Admit it, while illegal and dangerous in nature you’ve always wanted to try your hand at those mountain pass races that have become the center plot of the show. I know I have, and it appears there are plenty of wannabe racers out there as well. Over the recent years fun runs have become a popular event for many car clubs around the metro, and usually it involves taking a stroll out of town along a mountain pass – or Touge, if you’re JDM that way. That said Sierra Madre, the closest mountain pass to Quezon City, is almost always busy with cars and bikes driving up and down the mountain on a Sunday morning.
Fact of the matter is though, is that street racing could have more consequences than the crashes or engine blows the cars suffer in Initial D. Lives are always at stake, if you do decide to go out for a drive please be responsible and always drive within your limits as well as in consideration of other road users. If anything the real takeaway from Initial D is not the racing itself, instead it’s the realization that driving is all about having the most fun when you’re behind the wheel (I’m not kidding they actually meant that. Watch the last battle of 5th stage with subs and see how Keisuke won against the NSX). Should you still wish to race, you can always go to our local racetracks in Clark or Batangas to scratch the itch at your own discretion.
It’s ‘JDM’ yo
Another aspect of Initial D that’s worth noting are the modifications on the cars that star the show. It wasn’t explicitly stated what modifications went onto each car, but the keen eye could tell that there are certain parts (Aero parts, wheels, etc.) that can only come from the land of the rising sun. Things like the CIBIE Fog Lamps and RS Watanabe 8-spokes on Takumi’s Trueno or the RE Amemiya AD Facer Widebody fitted onto Keisuke’s RX-7 during the later Project D stages have become so well known that people have closely associated these parts with their corresponding cars. Initial D gave the world a glimpse into the vast aftermarket of Japan and gave their fans something to aspire to build, all the while setting a proper benchmark as to how cars should be built, much unlike those vinyl-wrapped, neon-lit, riced out cars from Need For Speed Underground.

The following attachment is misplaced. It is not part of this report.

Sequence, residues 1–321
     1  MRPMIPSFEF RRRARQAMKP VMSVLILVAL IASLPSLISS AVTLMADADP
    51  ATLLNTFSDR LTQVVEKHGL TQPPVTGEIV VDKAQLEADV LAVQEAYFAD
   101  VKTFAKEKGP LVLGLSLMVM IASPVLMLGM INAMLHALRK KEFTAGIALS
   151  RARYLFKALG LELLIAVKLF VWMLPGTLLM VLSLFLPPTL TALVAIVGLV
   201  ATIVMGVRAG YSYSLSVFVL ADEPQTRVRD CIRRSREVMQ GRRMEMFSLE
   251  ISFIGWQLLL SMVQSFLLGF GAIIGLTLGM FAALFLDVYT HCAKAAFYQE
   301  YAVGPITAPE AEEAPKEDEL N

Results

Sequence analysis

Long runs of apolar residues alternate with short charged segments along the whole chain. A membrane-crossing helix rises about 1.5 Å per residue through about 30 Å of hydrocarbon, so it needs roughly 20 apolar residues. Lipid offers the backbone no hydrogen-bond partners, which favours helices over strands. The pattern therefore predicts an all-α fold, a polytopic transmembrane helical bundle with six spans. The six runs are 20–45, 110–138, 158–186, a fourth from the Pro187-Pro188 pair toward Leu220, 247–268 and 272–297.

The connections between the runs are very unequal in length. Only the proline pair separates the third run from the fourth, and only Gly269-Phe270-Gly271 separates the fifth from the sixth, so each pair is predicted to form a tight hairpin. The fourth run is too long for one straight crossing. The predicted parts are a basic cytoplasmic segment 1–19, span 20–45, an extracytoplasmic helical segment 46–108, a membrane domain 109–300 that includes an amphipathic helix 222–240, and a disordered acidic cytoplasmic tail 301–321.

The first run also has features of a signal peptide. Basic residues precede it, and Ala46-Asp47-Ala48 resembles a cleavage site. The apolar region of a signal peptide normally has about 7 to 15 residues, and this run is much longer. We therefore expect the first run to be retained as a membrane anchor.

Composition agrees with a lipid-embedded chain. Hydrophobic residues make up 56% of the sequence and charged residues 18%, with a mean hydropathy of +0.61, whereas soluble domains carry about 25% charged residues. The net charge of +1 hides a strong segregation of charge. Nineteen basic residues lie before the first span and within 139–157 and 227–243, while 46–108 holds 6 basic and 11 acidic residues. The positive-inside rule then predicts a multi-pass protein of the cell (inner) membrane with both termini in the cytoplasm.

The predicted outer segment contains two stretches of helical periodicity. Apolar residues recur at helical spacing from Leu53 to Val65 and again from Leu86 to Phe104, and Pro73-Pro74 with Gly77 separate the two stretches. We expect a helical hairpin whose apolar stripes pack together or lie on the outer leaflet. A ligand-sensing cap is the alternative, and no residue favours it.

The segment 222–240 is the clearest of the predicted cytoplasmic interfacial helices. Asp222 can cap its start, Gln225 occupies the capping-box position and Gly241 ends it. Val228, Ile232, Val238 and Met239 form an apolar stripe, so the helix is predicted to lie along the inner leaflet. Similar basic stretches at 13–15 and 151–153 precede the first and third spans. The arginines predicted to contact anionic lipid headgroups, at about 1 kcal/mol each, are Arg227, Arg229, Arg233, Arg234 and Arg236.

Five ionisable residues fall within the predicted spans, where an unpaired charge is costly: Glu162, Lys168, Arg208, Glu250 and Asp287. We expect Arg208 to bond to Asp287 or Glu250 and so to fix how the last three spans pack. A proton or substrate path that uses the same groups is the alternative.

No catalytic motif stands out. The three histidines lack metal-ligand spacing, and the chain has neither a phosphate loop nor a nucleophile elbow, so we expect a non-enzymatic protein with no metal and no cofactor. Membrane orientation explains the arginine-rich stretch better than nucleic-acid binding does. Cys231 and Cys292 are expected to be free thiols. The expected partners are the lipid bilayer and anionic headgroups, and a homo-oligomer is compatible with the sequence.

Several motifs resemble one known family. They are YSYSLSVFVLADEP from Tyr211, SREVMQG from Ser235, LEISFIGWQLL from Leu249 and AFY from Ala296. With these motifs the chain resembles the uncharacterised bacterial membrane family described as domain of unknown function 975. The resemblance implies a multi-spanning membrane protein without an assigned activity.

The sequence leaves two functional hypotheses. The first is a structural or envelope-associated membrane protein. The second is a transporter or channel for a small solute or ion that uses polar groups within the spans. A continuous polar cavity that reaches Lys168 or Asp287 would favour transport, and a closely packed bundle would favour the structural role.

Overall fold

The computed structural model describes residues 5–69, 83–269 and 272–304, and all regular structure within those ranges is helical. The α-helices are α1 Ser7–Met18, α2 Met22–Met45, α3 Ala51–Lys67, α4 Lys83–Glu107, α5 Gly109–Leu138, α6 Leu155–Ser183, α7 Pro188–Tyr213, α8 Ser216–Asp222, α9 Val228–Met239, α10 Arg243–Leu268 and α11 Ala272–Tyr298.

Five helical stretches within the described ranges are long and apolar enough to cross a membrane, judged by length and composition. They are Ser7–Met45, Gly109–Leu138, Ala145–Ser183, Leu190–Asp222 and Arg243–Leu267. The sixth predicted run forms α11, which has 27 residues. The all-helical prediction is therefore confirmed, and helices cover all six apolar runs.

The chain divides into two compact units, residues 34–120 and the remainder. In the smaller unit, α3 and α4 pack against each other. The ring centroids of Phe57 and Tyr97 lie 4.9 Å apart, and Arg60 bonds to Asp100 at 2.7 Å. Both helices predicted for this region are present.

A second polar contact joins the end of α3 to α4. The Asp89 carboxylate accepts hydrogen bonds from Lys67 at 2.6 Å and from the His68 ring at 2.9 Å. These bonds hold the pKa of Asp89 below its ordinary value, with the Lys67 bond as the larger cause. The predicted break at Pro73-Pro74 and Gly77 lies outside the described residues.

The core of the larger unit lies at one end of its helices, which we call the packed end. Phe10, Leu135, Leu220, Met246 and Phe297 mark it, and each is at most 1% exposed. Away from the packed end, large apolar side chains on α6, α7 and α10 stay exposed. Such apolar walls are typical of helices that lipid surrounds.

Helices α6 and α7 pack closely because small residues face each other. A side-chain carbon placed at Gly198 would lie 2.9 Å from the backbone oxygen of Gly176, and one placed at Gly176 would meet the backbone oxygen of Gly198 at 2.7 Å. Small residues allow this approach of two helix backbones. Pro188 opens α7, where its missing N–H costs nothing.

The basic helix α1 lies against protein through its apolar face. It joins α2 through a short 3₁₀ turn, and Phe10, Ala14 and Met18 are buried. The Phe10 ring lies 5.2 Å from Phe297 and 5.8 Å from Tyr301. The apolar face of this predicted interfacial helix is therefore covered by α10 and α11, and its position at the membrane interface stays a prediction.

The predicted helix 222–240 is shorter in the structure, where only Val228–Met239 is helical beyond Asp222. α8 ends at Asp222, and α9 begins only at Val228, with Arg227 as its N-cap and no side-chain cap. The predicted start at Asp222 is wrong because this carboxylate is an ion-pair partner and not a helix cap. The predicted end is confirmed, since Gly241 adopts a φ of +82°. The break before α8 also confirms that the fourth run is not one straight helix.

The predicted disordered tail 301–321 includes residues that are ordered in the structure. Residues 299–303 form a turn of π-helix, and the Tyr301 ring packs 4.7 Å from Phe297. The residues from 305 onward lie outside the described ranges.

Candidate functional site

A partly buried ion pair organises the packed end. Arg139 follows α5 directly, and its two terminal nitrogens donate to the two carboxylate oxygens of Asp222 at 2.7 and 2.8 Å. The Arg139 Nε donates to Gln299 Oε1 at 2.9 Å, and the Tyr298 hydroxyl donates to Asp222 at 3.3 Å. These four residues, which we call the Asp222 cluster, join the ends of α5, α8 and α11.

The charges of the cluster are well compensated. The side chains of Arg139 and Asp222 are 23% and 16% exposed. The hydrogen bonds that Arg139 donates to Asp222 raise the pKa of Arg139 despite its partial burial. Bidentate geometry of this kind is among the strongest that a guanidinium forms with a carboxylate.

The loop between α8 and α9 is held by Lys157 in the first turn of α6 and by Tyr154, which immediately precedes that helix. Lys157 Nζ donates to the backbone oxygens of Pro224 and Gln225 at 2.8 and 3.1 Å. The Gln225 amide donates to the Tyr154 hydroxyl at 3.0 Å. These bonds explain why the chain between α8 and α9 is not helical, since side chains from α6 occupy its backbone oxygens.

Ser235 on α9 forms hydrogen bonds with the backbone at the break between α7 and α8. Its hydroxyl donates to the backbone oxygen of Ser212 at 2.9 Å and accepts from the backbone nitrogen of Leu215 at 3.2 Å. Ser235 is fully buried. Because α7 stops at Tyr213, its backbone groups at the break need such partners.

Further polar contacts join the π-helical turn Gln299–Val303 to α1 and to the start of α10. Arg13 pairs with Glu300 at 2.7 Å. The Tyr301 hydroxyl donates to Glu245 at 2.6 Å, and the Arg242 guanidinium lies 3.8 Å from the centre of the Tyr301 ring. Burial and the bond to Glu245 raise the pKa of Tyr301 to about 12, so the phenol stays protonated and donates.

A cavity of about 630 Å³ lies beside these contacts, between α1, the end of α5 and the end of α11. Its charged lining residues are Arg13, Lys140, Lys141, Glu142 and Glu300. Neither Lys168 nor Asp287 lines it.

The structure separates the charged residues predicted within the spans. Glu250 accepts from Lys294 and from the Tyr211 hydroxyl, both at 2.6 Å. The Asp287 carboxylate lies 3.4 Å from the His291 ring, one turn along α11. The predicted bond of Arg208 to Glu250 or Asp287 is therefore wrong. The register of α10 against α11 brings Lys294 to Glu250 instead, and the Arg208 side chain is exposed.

Lastly, a key contribution of Initial D to the uninitiated car enthusiast would be the great emphasis that has been put into honing one’s technique behind the wheel. While Takumi has been deemed a prodigy or genius of sorts, all the dialogue and scenes in between battles depict all the attributes he displays in the likeness of a proper racing driver. From steering input, to proper heel-and-toe footwork, all the way to the science behind weight transfer, tire wear, and trail braking, Initial D touches on several bases that define the key elements that define a racing driver as well as car control. Much of the concepts discussed in the show are theories that can be applied to racing on the circuit, given enough practice and the right setup for your car of course.
You wouldn’t think that a cartoon could be so in-depth and well immersed in the world of cars and motorsports, and then you’d find yourself at awe with all the details and accuracy of Initial D. Such is the wonder that plenty of us have grown up to watch over and over again. I don’t know about you, but I can wholeheartedly say that I wouldn’t be as diehard a car guy as I would be now if it weren’t for this show. With its last episode finally aired – which is epic, by the way – and its conclusion along with it, I think credit must be given to Shigeno-san for giving the car guys of the world both young and old some properly good entertainment for the past two decades. All good things must come to an end as they say, but I believe the good that this show has brought for all car guys will be around for quite awhile despite the show’s end!
image courtesy of Animax